Ansley's transformation was interesting, especially as I didn't find her character likeable at first and this lead to a few times where I wasn't quite convinced of its believability. I was content in the end though. There were also a few moments I was unsure of how the grandmother was written and if she would have thought the things she did, in the way she did, but these were also fleeting. These were my only two concerns about this lovely story.

I thought the strained family relationships and the cupcake recipes sprinkled throughout brought a new dimension to the single girl starting over story line and loved the combination of baking and family history. The story of the grandmother kept me intrigued as did finding out if Ansley could make it all work.

Pick up this lovely book if you're looking for a light easy read with a great starting-over theme, not to mention want to bake some of the fabulous recipes - I haven't yet, but they sound scrumptious and their names are great: Black Bottom Heartache, Green with Envy Cupcakes, and my personal favourite I'm dying to try, S'more Cupcakes just to mention a few!
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4.0 out of 5 stars Delicious! May 7 2010
By BookChick TOP 500 REVIEWER
Format:Paperback
Southern belle Ansley Waller has it all. A recent college grad, she's engaged to Parish, a man who will ensure her financial security and is gorgeous to boot. Ansley's busy planning her wedding, and mentally naming the children who will no doubt be a product of their union when Parish calls off the wedding and everything falls apart. Determined to leave Dallas with her head held high, Ansley makes contact with her estranged grandmother, Vivian, recently widowed and living in New York. Vivian permits Ansley to come out to stay, but provides her with an ultimatum-get a job within 8 weeks, or return to Dallas.

Ansley comes from a family who bakes when times are tough, so upon her arrival in New York, Ansley begins baking up a storm. While helping to correct some tax problems brought on by Vivian's late husband, and getting adjusted to a New York that is very different from Dallas, will Ansley be able to get a job and retain her dignity?

This was a cute coming-of-age story. The Ansley that we meet at the beginning of the book (over-confident and often mean) is very different from the Ansley that we are left with at the end. Throughout the book Ansley learns that being nasty does not necessarily pay, and that in fact it can have some dire consequences. The sub-plots throughout- Ansley's grandmother Vivian must come to terms with the fact that she abandoned her daughter at a young age, Vivian gets involved in a romance with an unlikely candidate- serve only to enhance the main story. I liked that the ending was not necessarily what I expected it to be. I'm not going to give it away here, but what I thought was going to happen was not what happened, which was a pleasant surprise.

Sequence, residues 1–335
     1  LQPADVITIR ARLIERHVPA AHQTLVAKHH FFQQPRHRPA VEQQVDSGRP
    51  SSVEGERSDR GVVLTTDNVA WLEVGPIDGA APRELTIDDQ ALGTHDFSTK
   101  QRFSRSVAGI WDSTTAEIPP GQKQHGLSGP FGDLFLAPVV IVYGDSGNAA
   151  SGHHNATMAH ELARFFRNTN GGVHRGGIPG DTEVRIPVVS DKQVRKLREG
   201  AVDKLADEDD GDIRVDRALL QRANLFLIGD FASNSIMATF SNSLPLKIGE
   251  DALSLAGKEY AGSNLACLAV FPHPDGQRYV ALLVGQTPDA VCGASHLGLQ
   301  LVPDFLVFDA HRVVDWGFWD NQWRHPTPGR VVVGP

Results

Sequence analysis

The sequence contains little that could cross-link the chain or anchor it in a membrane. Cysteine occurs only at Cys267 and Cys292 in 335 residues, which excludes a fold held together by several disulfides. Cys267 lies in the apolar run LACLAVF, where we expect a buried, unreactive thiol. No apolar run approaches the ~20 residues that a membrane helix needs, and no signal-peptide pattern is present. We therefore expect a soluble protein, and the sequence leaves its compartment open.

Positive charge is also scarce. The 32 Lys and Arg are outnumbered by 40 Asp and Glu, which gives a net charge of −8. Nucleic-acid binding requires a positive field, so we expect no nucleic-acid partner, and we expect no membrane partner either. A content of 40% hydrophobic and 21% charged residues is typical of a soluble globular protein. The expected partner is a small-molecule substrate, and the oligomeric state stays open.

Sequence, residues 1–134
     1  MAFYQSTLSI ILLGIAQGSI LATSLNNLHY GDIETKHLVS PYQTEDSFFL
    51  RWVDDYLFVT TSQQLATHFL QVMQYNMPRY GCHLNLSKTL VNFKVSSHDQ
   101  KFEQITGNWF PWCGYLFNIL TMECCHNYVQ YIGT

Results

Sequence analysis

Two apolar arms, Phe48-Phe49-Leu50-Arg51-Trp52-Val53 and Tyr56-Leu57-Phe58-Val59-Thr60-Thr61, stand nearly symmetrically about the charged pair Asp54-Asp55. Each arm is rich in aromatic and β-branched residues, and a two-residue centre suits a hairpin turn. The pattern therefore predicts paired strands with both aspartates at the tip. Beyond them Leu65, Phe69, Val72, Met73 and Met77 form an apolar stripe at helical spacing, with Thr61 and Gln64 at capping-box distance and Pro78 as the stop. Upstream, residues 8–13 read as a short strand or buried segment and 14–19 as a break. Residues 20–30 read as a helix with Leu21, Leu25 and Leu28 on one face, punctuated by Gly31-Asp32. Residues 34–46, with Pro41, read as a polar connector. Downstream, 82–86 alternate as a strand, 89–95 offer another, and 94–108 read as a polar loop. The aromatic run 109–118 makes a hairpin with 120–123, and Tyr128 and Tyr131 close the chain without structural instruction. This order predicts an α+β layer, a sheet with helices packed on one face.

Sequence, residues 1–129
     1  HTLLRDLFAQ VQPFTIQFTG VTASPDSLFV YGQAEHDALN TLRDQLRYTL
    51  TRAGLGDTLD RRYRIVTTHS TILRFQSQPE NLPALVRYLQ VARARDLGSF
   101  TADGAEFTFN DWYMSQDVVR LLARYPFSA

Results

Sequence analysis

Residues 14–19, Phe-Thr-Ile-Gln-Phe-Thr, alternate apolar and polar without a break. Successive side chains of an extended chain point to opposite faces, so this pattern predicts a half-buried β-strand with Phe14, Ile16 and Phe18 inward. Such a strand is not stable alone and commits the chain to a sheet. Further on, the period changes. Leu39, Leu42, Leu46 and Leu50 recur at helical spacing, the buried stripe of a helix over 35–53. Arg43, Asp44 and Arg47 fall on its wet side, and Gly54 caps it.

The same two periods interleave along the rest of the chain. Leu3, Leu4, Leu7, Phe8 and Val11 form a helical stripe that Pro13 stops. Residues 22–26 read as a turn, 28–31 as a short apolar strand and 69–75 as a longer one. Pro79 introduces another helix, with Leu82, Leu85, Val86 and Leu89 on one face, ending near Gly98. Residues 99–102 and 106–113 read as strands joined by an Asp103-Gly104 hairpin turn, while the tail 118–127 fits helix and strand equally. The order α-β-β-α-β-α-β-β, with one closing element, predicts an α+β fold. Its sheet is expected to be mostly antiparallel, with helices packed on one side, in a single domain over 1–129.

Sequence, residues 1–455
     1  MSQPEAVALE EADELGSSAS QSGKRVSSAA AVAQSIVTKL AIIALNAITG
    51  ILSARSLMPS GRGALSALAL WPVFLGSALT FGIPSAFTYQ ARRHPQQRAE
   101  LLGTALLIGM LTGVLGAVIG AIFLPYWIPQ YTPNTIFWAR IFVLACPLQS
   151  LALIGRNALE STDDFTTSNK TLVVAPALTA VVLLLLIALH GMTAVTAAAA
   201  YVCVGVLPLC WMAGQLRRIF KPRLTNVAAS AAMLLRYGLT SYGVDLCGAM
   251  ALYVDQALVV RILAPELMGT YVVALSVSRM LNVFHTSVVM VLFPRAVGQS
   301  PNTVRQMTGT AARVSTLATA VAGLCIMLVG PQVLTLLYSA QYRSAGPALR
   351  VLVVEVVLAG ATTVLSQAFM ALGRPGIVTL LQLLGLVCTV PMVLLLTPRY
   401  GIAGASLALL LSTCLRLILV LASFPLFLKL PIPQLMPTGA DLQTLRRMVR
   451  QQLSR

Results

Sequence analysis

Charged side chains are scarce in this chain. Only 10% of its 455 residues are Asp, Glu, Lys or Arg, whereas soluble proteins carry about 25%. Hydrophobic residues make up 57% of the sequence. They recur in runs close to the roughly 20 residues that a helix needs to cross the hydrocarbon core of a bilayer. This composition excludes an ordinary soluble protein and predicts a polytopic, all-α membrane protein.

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Most Helpful Customer Reviews on Amazon.com (beta)
Amazon.com: 3.2 out of 5 stars  36 reviews
5 of 5 people found the following review helpful
3.0 out of 5 stars The Icing really is the best part July 23 2010
By Sheila A. Dechantal - Published on Amazon.com
Format:Paperback
I really enjoyed the baking connecting to family in this book. The family cook book referred to in the book was started in 1853. The ancestor, Marille, who created the book filled it with 200 pages for family to add recipes. To do this there were rules:

1. The book was to be passed from mother to the daughter who cooked the most. I f there were no daughteres than the granddaughters
2. Three people must agree a recipe is fit to be in the book, usually a grandmother, mother, and daughter were the voting parties. if the daughter was too young, the cook waited until she was old enough to vote. If there was no daughter, another female relative could be substituted.
3. Never let anyone borrow the book.

This I really liked as well as the cupcake recipes that sprinkle throughout the pages with names that fit with what was happening in the book.

The story line itself wasn't a great fit for me. While Ansley does eventually turn into a likable character, things happen in the book that are kind of odd and hard to follow. While she is mean in the opening of the book, she moves and is never mean again throughout the rest of the read. The ending left me with many questions. I don't want to go into great explanation as I have seen many people have really enjoyed this book. For me, the recipes made the book one I will turn to again. I wished I would have had time to whip up a batch of a couple that really caught my eye, but another time.
6 of 7 people found the following review helpful
4.0 out of 5 stars How Sweet it is! April 11 2010